They’re interrupted by a mysterious message on the radio, a man’s voice saying “Wanda. Wanda, can you read me, over?” “Who are you?” asks Dottie, before the radio explodes, shocking her into breaking her glass. Her hand is cut, and her blood shows up as vivid red.
In this week’s commercial break, a James Bond type advertises Swiss-made Strücker watches, with the slogan “He’ll make time for you”.
At the talent show, Wanda waits nervously backstage. Vision arrives late, stumbling and looking dishevelled – another animation shows that his insides are still gummed up. Wanda tries to explain the weird happenings with the helicopter and Dottie, but there’s no time. Dottie reminds the audience it’s all “for the children” – they all recite the line back – and introduces Vision and Wanda’s act.
Vision stumbles over his lines as if he’s drunk. He tells them, “Today, we will lie to you and yet you will believe our little deceptions, because human beings are easily fooled due to their limited understanding of the inner workings of the universe.” He starts the act by using his powers to levitate, baffling the audience – forcing Wanda to magic up a rope and pulley to maintain the illusion of a fake illusion.
She subsequently keeps their cover intact by turning a piano into a cardboard cut-out after Vision picks it up with one hand, and creating some mirrors when he phases a top hat through his body. The performance is a massive hit, especially after the showstopping final trick where a very confused Geraldine materializes in the Chamber.
After the act is done, Wanda identifies Vision’s problem and uses her powers to remove the gum. He starts to recover instantly, realising he’s not as funny when he’s not blocked up. Worried they’ve blown it with the town’s residents, they try to make a fast getaway. They’re spotted by Dottie, however, and she awards them with the inaugural award for Comedy Performance of the Year. They invite Geraldine on stage to share the applause – but they still won’t tell her how they did the trick. Another chant of “For the children” echoes through the audience.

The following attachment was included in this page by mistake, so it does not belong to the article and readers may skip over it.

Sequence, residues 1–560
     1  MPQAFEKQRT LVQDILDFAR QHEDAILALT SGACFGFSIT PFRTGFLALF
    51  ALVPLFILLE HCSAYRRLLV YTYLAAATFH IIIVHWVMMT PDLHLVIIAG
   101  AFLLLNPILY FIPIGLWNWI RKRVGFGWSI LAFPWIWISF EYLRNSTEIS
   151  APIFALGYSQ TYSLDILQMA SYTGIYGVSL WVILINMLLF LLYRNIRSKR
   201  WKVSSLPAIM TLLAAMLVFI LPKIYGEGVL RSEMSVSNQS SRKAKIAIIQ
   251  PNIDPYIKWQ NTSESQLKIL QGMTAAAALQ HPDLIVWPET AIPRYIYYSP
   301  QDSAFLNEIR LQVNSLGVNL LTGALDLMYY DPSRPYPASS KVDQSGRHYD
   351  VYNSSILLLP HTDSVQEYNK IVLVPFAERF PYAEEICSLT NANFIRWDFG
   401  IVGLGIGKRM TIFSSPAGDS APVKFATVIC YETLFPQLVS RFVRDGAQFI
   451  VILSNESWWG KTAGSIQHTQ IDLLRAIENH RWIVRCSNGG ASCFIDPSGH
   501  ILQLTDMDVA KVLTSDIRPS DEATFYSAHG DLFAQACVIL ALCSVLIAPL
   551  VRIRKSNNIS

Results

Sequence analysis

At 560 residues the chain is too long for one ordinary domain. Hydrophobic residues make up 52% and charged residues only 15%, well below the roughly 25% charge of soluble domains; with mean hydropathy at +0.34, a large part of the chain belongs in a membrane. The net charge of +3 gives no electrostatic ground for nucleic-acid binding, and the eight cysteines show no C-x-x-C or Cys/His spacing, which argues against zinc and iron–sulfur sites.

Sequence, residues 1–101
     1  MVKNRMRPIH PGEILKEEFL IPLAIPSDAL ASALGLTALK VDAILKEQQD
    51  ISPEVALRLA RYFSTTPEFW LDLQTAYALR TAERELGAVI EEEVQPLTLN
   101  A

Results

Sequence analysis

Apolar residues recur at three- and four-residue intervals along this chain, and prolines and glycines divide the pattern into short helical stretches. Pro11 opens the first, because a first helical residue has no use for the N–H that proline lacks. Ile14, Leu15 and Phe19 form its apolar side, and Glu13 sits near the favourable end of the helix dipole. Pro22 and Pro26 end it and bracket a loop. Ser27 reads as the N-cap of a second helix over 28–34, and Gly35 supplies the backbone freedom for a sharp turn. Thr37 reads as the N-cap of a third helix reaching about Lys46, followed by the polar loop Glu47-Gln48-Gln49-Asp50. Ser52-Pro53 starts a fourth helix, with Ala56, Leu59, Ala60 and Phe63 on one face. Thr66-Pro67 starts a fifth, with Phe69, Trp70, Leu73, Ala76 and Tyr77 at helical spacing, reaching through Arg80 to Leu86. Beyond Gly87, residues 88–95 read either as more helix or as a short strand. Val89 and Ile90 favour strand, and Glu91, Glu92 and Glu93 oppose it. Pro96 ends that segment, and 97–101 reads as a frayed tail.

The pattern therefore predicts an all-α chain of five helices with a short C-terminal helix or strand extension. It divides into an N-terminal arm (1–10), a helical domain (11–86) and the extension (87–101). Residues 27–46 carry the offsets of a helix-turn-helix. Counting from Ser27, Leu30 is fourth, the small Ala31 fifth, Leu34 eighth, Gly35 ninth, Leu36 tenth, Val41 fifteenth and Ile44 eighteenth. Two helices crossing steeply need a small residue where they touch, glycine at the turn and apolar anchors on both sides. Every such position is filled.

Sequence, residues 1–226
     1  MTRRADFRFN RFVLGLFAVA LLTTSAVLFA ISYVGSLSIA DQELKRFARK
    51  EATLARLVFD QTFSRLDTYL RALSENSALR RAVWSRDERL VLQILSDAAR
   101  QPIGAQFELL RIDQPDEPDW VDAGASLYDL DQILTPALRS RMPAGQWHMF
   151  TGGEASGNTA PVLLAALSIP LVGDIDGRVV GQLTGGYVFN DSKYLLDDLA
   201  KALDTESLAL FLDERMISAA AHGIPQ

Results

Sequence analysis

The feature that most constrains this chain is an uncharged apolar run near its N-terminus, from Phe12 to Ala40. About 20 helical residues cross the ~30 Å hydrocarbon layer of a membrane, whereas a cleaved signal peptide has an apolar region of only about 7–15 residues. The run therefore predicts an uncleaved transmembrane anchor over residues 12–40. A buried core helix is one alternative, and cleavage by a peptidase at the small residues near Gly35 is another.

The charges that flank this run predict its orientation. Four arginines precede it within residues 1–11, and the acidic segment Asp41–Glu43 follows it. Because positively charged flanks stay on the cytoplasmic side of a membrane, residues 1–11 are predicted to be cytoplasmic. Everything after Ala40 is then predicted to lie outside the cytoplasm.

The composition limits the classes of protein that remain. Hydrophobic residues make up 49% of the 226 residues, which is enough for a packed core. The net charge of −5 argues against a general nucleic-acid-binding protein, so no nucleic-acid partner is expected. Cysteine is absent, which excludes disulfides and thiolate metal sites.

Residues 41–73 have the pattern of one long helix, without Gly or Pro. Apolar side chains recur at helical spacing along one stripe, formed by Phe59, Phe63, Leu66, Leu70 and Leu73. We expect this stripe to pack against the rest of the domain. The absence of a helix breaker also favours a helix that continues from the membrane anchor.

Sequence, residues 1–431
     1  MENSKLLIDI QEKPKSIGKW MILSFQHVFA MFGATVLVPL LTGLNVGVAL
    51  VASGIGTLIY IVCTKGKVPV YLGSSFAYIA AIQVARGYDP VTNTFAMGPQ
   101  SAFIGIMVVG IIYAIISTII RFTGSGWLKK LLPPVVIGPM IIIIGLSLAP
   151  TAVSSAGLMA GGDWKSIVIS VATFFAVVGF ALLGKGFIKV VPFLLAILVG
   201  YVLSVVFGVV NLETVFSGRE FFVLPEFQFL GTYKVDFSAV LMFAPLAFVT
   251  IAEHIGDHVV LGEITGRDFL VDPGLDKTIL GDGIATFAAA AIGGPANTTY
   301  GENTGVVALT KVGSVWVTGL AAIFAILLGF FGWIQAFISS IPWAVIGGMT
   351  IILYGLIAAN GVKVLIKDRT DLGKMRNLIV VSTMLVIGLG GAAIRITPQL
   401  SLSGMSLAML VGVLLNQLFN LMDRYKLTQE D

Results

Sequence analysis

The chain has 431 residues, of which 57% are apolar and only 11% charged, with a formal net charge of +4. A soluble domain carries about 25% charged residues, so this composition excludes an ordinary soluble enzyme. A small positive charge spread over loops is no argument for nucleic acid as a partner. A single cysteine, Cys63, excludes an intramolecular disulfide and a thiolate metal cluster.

Wanda and Vision get home and compliment each other on the performance, joking about the whole thing being “for the children”. When they get up from the sofa, Wanda is suddenly pregnant. “Is this really happening?” she asks – Vision assures her it is.
There’s more banging outside the front door. Initially they can’t see anything, until someone emerges from a manhole. It’s someone in a beekeeper’s suit – and they have the SWORD emblem on their back.
“No,” says Wanda, and rewinds the action to the point where she asked, “Is this really happening.” Things unfold differently this time, however, and Vision’s head goes Technicolor – followed by the rest of their front room and Wanda. They kiss as the scene dissolves into the credits.
“Wanda? Who’s doing this to you, Wanda?” asks the voice on the radio. “Wanda?”
“Please Stand By,” says the test card screen.
Could chewing gum have defeated Thanos? If it can turn a robotic superbeing who can phase through walls, fly and instantly carry out incomprehensible calculations into an incompetent (but harmless) stage magician, it would certainly have been worth a try. Whatever the results, Infinity War would have turned out very differently.
That we’re even asking the question shows how much two half-hour episodes of WandaVision have transformed the Marvel Cinematic Universe. You’re constantly struck by the boldness of a decision to take two frontline Avengers, and give them a spin-off where jokes and canned laughter are as essential a part of the mix as superpowers. It’s an unlikely scenario, but the brilliant comic timing of Elizabeth Olsen and Paul Bettany makes sure it works like a charm.